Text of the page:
What’s your digital footprint?

You generate much more information than the files and messages you create


EMC now has a digital footprint calculator on their website.  It estimates how much information is being created, stored and replicated by one’s daily life.  This is an eye-opening exercise that points out all the myriad ways we each generate digital information, far beyond the obvious powerpoints, emails and digital movies.

Similarities to Carbon Footprint 

It has similarities with the Carbon Footprint concept, and of course is directly related due to the power needed to store the kept info I caused to exist in the world.  Another similarity: much of the information created on my behalf was not at my bidding.

I highly recommend the related IDC-EMC forecast of worldwide information growth through 2011.

According to EMC, I’m generating about 8 GB a day – over half a TB so far in 2008.  Beth Pariseau’s and Chuck Hollis’s footprints are here.

What’s your digital footprint?  Comment back and we’ll compare notes.


6 responses to “What’s your digital footprint?

  1. Hmm … according to the questionaire, my digital footprint is 61,688 megabytes per day.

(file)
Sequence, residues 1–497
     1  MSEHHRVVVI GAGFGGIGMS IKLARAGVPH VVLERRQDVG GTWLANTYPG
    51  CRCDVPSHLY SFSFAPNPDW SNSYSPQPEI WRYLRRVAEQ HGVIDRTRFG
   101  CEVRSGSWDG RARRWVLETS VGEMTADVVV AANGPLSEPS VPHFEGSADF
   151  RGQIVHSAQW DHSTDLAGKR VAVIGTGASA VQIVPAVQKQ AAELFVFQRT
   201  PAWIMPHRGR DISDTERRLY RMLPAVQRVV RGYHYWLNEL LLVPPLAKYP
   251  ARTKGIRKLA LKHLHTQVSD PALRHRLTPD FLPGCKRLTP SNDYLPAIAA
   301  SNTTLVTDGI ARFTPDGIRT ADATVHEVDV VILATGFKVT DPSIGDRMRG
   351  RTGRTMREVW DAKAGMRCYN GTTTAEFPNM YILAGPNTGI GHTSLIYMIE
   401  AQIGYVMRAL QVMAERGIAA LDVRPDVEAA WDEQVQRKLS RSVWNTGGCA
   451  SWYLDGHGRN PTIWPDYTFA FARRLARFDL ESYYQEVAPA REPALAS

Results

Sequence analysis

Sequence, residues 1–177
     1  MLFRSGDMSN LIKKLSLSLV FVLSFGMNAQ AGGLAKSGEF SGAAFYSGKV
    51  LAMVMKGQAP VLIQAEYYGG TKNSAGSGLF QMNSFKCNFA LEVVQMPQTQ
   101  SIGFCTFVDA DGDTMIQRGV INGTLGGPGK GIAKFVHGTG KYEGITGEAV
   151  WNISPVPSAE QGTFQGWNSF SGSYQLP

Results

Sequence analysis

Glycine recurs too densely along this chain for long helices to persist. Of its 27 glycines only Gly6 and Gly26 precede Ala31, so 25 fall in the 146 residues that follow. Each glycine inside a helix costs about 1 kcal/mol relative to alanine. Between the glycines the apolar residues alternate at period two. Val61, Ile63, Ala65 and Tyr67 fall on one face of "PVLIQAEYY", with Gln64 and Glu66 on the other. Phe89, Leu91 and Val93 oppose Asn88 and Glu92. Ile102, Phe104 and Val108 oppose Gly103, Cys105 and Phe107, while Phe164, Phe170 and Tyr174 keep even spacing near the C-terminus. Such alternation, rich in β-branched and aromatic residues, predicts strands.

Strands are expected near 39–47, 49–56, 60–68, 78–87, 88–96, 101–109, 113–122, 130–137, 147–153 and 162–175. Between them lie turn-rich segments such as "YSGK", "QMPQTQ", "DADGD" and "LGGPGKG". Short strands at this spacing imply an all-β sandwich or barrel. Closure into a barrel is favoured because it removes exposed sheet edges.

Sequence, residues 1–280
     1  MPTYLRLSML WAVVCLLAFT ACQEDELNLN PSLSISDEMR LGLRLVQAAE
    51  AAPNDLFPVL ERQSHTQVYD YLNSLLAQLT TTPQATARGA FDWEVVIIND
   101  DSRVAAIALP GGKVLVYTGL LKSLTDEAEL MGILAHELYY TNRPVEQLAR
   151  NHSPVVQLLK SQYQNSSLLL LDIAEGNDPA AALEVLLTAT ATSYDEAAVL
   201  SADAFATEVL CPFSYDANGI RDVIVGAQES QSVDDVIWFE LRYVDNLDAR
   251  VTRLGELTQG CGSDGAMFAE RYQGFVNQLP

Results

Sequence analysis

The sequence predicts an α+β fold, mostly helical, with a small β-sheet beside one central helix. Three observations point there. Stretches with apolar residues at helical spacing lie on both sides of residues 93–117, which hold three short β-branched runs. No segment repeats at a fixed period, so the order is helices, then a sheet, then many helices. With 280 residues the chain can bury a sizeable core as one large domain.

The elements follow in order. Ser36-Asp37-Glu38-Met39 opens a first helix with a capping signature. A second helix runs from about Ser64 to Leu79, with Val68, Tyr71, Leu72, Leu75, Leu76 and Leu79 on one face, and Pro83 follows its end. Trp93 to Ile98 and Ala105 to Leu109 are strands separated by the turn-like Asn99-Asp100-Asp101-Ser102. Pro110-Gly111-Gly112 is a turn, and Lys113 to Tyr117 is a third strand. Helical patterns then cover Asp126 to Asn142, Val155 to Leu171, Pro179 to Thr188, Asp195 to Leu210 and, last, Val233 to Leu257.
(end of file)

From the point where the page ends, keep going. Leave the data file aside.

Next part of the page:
Maybe I shouldn’t spend so much time in the subway or online….

  2. Well, compared to Jason, I am a veritable digital miser at just over 3MB/day. As a storage company employee, I clearly need to work on that!
    On a more serious note, how much does a digital footprint really matter? Am I “greener” or a more responsible global citizen if I generate fewer bytes? One could argue that since all that digital content needs to be stored someplace, it’s best to conserve since storage takes up power and other resources; I’d argue that many more bytes would be saved by addressing the storage and restorage of unused or outdated files (see previous posts on Stubborn Data and Deduplication in this blog). That’s not to say it’s useless to conserve bytes; rather, make every byte count to you in some way and get rid of the ones that don’t matter any more.

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